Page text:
The Stock Exchange of Thailand building on Ratchadaphisek Road is one of the prime developments in what used to be a “fringe” area of the capital. (Bangkok Post file photo)
New buildings that are competitively priced in areas that were once considered “fringe” locations are becoming much more desirable, said Marcus Burtenshaw, executive director and head of the commercial agency department of Knight Frank Thailand. Some of those buildings are now easier to reach, better connected by mass transit and boast new facilities and features that older buildings are hard-pressed to match, he said.
Given that office rents in the capital are now at record highs, it is an appropriate time for owners of centrally located grade B properties to consider renovations and repositioning, he said.
According to Knight Frank Thailand Research, as of the end of 2016, the supply of office space totalled 4.78 million square metres, an increase of 2.5% from 2015.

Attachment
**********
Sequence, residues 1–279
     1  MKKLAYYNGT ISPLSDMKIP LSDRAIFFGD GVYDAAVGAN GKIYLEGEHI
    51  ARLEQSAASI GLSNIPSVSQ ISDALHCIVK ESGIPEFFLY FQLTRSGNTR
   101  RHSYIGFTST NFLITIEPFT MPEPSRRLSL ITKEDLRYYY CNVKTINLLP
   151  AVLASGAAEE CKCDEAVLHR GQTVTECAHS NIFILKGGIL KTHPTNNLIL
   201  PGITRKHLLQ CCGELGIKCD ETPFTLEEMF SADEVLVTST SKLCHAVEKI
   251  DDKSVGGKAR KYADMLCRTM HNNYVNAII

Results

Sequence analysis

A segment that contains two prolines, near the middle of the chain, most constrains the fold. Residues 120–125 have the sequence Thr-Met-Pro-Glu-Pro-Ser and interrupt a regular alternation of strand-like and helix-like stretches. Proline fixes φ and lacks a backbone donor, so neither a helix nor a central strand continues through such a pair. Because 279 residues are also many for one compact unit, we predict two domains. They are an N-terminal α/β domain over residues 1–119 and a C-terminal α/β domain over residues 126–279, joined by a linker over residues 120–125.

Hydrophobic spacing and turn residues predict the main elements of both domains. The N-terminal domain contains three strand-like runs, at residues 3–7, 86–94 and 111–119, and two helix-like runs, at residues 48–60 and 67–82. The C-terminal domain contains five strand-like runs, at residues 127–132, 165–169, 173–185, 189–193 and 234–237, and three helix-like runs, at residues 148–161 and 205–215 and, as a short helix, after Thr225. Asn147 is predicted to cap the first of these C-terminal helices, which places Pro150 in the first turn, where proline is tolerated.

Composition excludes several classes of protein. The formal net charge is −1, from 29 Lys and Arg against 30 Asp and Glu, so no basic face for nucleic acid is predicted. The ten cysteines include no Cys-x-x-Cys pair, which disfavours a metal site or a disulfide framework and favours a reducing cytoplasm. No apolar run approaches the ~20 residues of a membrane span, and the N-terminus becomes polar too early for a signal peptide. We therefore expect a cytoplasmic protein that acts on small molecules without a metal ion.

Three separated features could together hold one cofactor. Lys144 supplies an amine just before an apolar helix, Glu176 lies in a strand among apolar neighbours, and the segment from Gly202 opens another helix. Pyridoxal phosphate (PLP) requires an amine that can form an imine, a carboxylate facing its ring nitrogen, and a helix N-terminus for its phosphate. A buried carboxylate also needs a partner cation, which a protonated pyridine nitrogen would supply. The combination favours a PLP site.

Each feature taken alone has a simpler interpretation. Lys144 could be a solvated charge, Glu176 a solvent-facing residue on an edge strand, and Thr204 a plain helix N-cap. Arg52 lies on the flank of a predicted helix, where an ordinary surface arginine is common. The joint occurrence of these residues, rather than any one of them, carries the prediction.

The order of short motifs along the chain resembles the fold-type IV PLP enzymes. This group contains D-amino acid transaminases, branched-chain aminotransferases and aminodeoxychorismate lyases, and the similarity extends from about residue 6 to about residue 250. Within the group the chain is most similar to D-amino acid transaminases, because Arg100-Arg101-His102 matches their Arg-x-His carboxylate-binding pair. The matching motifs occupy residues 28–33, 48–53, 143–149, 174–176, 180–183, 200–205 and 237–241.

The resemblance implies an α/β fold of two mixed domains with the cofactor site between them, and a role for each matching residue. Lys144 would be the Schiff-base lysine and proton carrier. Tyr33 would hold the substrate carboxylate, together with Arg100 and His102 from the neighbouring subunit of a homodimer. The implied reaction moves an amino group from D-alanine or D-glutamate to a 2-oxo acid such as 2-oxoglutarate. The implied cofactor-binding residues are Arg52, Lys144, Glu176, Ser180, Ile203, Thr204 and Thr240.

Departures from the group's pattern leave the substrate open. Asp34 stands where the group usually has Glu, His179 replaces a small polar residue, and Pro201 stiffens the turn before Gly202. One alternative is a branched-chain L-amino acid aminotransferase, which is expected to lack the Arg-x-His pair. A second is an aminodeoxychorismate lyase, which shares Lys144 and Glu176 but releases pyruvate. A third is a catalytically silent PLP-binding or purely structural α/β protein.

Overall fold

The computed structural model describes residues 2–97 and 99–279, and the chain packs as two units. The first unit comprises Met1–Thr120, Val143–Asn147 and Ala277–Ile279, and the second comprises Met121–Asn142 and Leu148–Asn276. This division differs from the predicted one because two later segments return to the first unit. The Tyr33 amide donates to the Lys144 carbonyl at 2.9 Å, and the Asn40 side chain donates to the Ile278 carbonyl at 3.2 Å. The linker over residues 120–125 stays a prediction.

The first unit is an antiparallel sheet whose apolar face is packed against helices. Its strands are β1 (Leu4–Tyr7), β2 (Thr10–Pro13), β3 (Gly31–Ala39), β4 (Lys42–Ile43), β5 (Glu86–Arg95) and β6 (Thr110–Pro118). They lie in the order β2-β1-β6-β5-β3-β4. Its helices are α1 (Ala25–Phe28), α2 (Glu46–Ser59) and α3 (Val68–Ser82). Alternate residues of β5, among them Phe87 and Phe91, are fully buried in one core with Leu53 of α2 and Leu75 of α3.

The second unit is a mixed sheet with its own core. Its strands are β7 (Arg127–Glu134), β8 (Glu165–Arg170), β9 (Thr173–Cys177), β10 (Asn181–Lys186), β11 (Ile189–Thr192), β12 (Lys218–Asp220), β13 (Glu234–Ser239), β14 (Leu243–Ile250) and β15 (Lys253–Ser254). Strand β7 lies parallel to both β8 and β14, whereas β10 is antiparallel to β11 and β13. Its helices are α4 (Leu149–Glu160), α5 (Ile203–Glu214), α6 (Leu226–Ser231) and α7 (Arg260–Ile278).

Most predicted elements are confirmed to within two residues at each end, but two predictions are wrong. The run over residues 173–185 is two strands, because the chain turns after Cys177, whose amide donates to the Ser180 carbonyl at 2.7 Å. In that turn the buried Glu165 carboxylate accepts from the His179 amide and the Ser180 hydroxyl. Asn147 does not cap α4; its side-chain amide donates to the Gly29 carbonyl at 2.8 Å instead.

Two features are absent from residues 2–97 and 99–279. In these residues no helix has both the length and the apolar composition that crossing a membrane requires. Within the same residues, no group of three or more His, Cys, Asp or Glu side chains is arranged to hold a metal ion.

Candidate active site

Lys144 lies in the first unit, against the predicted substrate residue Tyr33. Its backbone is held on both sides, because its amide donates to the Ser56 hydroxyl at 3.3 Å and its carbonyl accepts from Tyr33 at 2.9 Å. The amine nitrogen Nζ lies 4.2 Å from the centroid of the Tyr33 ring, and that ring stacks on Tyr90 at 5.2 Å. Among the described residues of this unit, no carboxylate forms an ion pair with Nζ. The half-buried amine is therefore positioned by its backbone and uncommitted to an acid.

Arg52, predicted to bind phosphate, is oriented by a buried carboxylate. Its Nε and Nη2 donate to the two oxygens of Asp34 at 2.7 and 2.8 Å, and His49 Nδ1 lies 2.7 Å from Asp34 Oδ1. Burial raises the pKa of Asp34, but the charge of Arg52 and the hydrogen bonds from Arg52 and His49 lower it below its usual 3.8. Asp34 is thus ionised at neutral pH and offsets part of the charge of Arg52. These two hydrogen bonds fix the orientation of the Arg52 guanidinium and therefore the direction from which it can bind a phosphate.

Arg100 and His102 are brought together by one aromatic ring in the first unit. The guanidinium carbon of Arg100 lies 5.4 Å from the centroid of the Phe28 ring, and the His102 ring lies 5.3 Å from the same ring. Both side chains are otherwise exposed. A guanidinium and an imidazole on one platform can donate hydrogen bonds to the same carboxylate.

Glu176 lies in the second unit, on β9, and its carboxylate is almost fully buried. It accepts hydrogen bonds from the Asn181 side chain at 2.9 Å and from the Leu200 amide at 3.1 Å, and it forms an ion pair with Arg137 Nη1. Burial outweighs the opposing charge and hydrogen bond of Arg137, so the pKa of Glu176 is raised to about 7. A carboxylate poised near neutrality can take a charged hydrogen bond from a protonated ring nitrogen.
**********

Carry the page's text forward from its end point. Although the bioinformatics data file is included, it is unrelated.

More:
The company expects 184,471 sq m of new supply to be complete in 2017 and another 335,811 sq m to be offered in the market within the next three years.
At the end of 2016, 4.45 million sq m of office space was occupied, representing an occupancy rate of 93.1% and an increase of 0.9 percentage points from 2015.
Mr Burtenshaw said occupied space in grade B buildings in the central business district fell for several reasons. However, one promiment factor could be that in the face of rising rents, tenants are choosing to relocate away from Grade B office buildings in the CBD to new buildings in the city fringe, he said.
Overall, occupancy in the fourth quarter rose by 1.1% from the third quarter of 2016, though the figure was 2.5% for CBD grade A properties.
In 2016, the average rental rate for grade A offices in non-CBD areas showed a high growth rate of 13.1% from the previous year.
Grade A offices in the CBD have the highest rental rate at 960 baht per sq m per month, followed by those in the non-CBD area at 818 baht.
Source : Bangkok Post